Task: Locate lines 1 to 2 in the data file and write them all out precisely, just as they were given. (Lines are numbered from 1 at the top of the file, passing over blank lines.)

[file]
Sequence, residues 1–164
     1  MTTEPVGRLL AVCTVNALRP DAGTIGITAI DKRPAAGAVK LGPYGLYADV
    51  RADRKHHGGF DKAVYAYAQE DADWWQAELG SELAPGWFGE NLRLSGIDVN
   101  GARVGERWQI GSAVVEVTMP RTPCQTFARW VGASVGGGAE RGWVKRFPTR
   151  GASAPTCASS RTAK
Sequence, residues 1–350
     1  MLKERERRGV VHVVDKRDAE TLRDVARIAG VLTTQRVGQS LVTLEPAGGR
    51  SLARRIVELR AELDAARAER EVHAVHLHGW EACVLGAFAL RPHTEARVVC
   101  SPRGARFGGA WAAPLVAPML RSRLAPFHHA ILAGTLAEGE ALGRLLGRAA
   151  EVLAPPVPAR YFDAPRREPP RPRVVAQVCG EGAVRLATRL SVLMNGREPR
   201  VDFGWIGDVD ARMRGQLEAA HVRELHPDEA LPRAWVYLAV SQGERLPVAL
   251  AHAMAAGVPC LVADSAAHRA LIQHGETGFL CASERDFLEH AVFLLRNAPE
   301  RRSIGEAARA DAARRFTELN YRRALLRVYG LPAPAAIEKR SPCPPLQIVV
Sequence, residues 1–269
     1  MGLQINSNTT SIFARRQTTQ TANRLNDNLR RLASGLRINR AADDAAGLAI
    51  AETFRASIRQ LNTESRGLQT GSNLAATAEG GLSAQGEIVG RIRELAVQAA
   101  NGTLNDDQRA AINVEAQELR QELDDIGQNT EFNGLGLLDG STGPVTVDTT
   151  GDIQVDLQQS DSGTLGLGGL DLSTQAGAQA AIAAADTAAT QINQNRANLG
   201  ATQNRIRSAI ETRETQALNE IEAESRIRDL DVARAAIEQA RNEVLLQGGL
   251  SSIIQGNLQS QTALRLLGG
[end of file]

Sequence, residues 1–164
     1  MTTEPVGRLL AVCTVNALRP DAGTIGITAI DKRPAAGAVK LGPYGLYADV